Left – Kevin Jackson and Amber Scott. Photo – Kate Longley. Cover – Lynette Wills. Photo – Jeff Busby
It was the kind of evening that fairytales are made of. Elegant women in ball gowns, gentlemen in tuxedo’s and a sense of excitement in the air as David McAllister presented his first full length piece and the world premiere of The Australian Ballet’s The Sleeping Beauty. In his debut full-length choreographic production, McAllister took The Sleeping Beauty from the pages of a storybook and presented it on the grandest scale imaginable. The carved and painted front set, which stood in place instead of the curtain, gave some insight into the level of craftsmanship the audience were to expect, and were not disappointed. Lavish settings and intricate detailing of every aspect made the production a visual feast before the dancers even stepped on stage.
From the moment Frank Leo as Catalabutte enters, the fun begins. His comedic timing and fabulous expressions make it clear that this is a fresh take on the classic story and that it has the distinctive flair and fun that The Australian Ballet do so well. Amber Scott makes a stunning lilac fairy and her evil counterpart Carabosse, is played majestically by guest artist Lynette Wills. The two characters face off throughout the performance and are perfectly matched in the balance of good and evil.
Principal artist Lana Jones is faultless as Aurora, perfect in technique and a joy to watch as she plays the role of rebellious teenager with grace and lightness. This is not Aurora as a victim, but as a young girl showing off, being silly and enjoying life. Joined by a cluster of colourful fairies who move with all the grace you would expect, (Amy Harris, Natasha Kusen, Robyn Hendricks, Benedicte Bemet and Miwako Kubota) are a fun and joyful bunch who are a highlight of the production.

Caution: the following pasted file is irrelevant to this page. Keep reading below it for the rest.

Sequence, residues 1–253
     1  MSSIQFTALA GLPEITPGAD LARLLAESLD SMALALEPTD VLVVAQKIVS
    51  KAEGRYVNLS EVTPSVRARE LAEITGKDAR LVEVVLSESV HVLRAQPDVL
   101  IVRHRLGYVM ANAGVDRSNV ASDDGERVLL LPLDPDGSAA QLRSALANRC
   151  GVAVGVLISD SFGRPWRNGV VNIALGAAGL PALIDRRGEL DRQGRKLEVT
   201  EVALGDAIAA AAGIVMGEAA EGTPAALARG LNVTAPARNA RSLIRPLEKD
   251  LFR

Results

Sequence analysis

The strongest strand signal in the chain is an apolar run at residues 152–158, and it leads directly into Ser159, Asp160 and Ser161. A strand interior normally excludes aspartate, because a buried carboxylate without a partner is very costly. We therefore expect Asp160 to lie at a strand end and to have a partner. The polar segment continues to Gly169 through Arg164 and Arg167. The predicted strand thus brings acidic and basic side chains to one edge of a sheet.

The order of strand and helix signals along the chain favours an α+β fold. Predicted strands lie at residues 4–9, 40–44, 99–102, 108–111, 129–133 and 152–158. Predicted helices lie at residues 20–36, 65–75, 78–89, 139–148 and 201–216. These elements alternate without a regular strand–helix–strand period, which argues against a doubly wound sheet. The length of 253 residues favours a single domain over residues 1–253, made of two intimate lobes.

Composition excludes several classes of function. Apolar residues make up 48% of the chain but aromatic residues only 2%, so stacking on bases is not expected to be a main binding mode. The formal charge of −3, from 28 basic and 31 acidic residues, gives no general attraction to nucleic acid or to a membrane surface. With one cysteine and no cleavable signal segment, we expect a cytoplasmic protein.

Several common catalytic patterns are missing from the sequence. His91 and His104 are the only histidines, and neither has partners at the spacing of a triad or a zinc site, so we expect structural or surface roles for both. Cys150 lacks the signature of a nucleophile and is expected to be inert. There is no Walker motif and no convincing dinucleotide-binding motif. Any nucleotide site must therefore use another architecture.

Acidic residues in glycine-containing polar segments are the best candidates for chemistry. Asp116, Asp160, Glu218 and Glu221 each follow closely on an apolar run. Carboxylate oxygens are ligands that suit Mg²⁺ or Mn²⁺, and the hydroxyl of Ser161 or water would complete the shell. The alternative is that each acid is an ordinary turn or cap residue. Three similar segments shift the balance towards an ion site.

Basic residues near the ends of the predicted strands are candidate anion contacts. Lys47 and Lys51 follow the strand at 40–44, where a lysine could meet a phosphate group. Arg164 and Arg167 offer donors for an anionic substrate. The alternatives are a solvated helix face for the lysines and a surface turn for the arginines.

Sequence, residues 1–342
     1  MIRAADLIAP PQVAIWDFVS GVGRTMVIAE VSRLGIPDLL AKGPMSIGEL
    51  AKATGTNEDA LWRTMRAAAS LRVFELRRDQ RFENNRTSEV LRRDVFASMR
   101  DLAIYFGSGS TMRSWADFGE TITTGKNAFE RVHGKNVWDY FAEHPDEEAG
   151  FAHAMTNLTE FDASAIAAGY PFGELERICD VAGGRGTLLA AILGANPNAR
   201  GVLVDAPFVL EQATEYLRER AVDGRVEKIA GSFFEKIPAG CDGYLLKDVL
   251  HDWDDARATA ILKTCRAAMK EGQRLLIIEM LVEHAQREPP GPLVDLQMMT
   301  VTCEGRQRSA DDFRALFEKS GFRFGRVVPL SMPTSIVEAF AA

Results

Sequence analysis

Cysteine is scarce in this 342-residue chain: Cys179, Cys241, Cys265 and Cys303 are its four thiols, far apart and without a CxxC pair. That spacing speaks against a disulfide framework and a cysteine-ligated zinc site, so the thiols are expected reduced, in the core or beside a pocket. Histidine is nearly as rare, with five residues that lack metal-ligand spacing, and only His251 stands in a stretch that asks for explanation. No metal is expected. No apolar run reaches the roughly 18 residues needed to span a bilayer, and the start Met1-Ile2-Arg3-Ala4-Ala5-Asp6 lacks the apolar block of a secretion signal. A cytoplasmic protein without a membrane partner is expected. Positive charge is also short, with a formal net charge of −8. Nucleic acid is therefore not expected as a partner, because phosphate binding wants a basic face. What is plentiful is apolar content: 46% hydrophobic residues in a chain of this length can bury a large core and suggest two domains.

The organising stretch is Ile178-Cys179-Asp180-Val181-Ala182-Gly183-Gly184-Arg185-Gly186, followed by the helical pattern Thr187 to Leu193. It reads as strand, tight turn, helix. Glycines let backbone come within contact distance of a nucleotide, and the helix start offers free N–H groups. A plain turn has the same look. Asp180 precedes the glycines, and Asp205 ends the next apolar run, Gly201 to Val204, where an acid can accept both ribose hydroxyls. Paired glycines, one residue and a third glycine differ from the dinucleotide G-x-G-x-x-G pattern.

Not only are they incredible dancers, but the fairies are complimented by the spectacular creations of costume designer Gabriella Tylesova. In what must be some of the most opulent, dazzling designs ever presented on stage, the fairies are a glittering magical array of light, colour and movement.
Kevin Jackson is Beauty’s Prince, and he is perfectly cast in the role. Jackson is strong and precise in the choreography without becoming stiff, and is able to jump higher off the ground than I am sure is realistically possible.
The Australian Ballet’s The Sleeping Beauty is quite possibly the most perfect ballet I have ever witnessed. It is flawless. From the breathtaking imagery of the set, to the stunning costumes, brilliant choreography and genius artists, it cannot be faulted. And with Musical Director Nicolette Fraillon at the helm of Tchaikovsky’s score, the subtle tones and key changes allow the story to move with the grace and style it requires.
David McAllister has taken a childhood classic fairytale, an adored ballet and Tchaikovsky’s romantic score and turned it into a ballet that will be loved for decades to come. It has been two years in the making for The Australian Ballet and 40 years in McAllister’s imagination, and I thank him for sharing this vision with the world.
The Australian Ballet presents
The Sleeping Beauty
Choreography Marius Petipa
Production and additional choreography David McAllister
Venue: State Theatre, Arts Centre Melbourne
Dates: 15 – 26 September 2015